Your interview may be your one shot at landing your dream job in a highly competitive market. Treat your interview like the first task at a new job. Have a smile on your face and a spring in your step, and prep yourself for the interview. Pre-interview preparation will have you on your best game. Here is what you need to know before the interview.
The interview begins when you park your car. Being rude or officious with the office staff, valet or security guard may cost you hiring points. Be polite and courteous to every face you meet. Employers may ask trusted employees for their impressions of you. Be genuine, but cautious. Pay attention to your body language. Stand and sit with your back straight. Give good eye contact and offer your handshake.
Avoid answering questions with a question or answering too quickly. Be thoughtful and deliberate when answering the interviewer’s questions. Ask for clarity if you are unsure what the question is. This is especially true if you are presented with a technological or personnel question.
Read over the company history at the company’s website. Learn about the founder, any special company mission and community outreaches the business is involved in. When asked to speak, share with the interviewer which part of the company history you most enjoyed or are inspired by. Don’t recite everything you learned, just a fact that may relate to you. For example, “I see the founder, Mr. Jones, was a Midwesterner. So am I.” Or, “I see the company has a yearly outreach to the homeless. I volunteer at the soup kitchen every Monday evening.”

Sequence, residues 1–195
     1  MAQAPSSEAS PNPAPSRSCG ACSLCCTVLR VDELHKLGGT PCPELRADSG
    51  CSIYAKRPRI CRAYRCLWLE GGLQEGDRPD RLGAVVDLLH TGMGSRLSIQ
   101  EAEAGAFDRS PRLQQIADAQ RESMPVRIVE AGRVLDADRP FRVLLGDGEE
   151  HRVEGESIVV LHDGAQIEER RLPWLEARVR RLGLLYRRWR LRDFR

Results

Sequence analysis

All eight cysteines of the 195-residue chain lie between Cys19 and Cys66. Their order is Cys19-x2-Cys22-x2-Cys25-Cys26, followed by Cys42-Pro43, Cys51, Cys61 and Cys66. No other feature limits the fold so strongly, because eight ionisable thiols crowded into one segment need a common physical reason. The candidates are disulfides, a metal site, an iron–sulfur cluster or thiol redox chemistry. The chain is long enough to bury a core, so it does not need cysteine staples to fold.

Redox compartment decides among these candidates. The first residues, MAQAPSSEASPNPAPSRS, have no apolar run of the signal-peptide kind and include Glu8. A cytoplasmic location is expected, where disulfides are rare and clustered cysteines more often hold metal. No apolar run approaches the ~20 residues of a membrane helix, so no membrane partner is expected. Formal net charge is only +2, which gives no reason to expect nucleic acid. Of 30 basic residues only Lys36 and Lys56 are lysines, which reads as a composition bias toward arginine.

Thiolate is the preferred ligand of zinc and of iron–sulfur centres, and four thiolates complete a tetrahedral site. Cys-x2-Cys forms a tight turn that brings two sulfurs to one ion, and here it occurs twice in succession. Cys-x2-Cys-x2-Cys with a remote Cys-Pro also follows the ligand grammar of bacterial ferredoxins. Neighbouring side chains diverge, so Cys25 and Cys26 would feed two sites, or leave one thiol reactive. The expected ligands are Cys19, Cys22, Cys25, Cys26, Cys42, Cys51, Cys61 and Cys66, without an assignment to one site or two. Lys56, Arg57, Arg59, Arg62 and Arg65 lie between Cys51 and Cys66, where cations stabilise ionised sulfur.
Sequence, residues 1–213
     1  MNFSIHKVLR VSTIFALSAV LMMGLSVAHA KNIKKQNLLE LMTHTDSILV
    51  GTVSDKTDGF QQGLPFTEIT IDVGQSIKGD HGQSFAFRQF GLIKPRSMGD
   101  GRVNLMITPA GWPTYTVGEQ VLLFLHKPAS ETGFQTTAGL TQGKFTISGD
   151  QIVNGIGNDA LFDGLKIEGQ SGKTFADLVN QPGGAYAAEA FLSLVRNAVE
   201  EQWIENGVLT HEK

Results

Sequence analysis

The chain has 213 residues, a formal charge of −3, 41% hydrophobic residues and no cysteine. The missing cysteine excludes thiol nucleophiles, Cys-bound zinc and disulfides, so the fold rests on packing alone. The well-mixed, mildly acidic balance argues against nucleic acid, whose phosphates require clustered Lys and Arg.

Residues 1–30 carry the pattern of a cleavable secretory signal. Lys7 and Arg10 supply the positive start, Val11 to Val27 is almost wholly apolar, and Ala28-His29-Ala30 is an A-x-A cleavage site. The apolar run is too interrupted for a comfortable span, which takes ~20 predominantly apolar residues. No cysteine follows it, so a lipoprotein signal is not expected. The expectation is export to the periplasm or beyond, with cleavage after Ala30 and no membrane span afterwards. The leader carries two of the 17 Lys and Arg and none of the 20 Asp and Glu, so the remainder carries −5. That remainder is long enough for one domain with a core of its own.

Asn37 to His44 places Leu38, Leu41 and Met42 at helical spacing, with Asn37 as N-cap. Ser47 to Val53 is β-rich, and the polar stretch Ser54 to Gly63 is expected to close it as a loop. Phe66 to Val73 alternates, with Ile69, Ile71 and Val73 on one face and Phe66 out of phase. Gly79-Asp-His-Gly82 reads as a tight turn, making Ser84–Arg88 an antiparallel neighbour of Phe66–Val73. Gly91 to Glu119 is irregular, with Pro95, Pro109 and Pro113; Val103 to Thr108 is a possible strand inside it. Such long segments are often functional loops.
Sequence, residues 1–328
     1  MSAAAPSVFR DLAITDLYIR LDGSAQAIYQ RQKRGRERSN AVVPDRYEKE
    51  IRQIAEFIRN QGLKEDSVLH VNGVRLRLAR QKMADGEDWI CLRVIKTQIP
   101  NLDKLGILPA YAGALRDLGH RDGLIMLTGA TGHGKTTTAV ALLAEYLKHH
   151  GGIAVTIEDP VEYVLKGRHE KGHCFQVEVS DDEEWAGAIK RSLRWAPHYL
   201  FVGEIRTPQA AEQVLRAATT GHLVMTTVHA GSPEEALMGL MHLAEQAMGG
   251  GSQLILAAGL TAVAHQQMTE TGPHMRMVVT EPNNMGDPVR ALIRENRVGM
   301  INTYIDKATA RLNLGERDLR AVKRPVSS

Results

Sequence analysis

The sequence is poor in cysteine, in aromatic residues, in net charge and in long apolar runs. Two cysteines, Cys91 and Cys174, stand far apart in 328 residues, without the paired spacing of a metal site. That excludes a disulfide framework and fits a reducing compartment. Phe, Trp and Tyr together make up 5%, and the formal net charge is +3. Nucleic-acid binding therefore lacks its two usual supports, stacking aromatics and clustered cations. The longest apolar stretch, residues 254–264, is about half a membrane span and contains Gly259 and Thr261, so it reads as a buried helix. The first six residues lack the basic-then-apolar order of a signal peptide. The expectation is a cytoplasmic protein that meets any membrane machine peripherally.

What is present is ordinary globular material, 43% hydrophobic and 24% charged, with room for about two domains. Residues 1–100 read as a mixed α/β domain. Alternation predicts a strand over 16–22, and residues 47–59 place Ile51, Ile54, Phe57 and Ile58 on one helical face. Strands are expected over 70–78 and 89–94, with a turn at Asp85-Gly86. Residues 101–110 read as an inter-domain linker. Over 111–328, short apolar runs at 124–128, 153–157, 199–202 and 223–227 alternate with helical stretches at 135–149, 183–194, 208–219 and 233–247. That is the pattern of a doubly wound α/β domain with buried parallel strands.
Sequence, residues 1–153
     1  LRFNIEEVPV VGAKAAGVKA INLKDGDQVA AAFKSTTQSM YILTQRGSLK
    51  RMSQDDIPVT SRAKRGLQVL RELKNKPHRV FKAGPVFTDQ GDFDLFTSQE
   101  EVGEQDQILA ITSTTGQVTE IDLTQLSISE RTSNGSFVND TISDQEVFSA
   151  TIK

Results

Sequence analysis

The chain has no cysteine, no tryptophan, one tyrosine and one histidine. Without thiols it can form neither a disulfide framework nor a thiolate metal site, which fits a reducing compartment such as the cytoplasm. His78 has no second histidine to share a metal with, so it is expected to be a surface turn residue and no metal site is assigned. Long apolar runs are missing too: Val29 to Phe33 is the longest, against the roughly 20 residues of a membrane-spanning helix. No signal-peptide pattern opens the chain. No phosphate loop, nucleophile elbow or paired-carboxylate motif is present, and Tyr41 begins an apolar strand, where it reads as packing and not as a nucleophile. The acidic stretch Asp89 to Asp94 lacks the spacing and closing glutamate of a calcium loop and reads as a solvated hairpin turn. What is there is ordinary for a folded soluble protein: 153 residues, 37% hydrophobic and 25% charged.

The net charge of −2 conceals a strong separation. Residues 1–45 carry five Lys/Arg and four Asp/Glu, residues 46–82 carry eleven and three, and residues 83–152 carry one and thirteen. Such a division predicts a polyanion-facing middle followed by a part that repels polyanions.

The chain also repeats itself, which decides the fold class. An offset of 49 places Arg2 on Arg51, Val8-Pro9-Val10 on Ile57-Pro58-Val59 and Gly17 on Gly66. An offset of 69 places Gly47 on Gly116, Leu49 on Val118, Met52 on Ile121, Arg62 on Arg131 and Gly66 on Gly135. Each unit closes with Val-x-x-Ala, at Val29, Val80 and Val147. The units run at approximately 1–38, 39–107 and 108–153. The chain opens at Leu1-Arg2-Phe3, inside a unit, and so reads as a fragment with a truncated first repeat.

Avoid Personal Information
The interviewer should lead the way on how personal the conversation will get. Do not ask personal questions or give personal information unless your interviewer invites the dialogue. Asking about personal information is considered taboo in an interview.
Always Ask a Question
At the end of the interview, your potential employer will usually ask, “Do you have any questions?” Never answer with a “no.” Employers are looking for people who are genuinely interested in the position and the company. Ask a question that is relative to the situation. For example, say, “Yes, I have a question. Is your company going to go digital soon?” Put some thought into your question, and have one prepared to ask when the time is right.
Hold a practice interview with a friend before the big day. Work on your conversation skills by speaking clearly and politely.